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why the request cannot be addressed to the subordinate authorities, or that previous applications made to such authorities have not been altended to.

1561. ARTICLE VII. Consuls-General and Consuls shall be free to establish Vice Consals in the ports mentioned in article one, and situated in their Consular districts

The Vice-Consuls may be taken indiscriminately from among the subjects of the Netherlands, or from citizens of the United States, or of any other country residing or having the privilege, according to the local laws, to fix their residence in the port to which the Vice-Consul shall be named.

These Vice-Consuls, whose nominations shall be submitted to the approval of the governor of the colony, shall be provided with a certificate given to them by the Consul under whose orders they exercise their functions.

The governor of the colony may in all cases withdraw from the ViceConsuls the aforesaid sanction, in communicating to the Consul-General or Consul of the respective district the motives for his doing so.

1562. ARTICLE VIII, Passports delivered or signed by Consuls or Consular Agents do not dispense the bearer from providing himself with all the papers required ty the local laws, in order to travel or to establish himself in the colonies.

The right of the governor of the colony to prohibit the residence in, or to order the departure from, the colony of any person to whom a passport may have been delivered, remains undisturbed.

1563, ARTICLE IX. When a ship of the United States is wrecked upon the coast of the Dutch colonies, the Consul-General, Consul, or Vice-Consul who is present at the scene of the disaster, will, in case of the absence, or with the consent of the captain or supercargo, take all the necessary measures for the salvage of the vessel, the cargo, and all that appertains to it.

In the absence of the Consul-General, Consul, or Vice-Consul, the Dutch authorities of the place where the wreck has taken place will act in the premises, according to the regulations prescribed by the laws of the colony.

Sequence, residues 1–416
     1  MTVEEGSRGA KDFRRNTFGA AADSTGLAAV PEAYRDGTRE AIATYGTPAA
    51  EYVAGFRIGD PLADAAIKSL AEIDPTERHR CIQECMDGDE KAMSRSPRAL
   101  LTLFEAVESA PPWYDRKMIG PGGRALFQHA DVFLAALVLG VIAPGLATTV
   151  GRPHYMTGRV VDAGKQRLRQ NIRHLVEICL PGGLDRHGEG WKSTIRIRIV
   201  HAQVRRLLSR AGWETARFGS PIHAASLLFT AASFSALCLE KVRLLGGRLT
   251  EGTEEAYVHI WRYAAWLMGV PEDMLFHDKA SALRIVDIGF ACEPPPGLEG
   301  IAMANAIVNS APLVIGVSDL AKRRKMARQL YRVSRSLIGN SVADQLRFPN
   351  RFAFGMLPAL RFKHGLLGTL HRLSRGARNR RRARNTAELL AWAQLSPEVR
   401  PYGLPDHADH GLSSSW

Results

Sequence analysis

1564. ARTICLE X. Consuls-General, Consuls, and Vice-Consuls, may, in so far as the Axtradition of deserters from merchant-vessels or ships of war shall have een stipulated by treaty, request the assistance of the local authorities or the arrest, detention, and imprisonment of deserters from vessels of he United States. To this end, they shall apply to the competent funcionaries, and claim said deserters, in writing, proving by the register of the vessel, the list of the crew, or by any other authentic document, that the persons claimed belong to the crew.

The reclamation being thus supported, the local functionaries shall exercise what authority they possess, in order to cause the deserters to be delivered up.

These deserters, being arrested, shall be placed at the disposal of said Consuls, and may be confined in the public prisons at the request and at the expense of those who claim them, in order that they may be taken to the vessels to which they belong, or to other vessels of the same nation. But if they are not sent back within four months from the day of their arrest, they shall be set at liberty, and shall not again be arrested for the same cause.

It is understood, however, that if the deserter be found to have coinmitted any crime, offense, or contravention, his extradition may be delayed until the court having cognizance of the matter shall have pronounced its sentence, and the same has been carried into execution.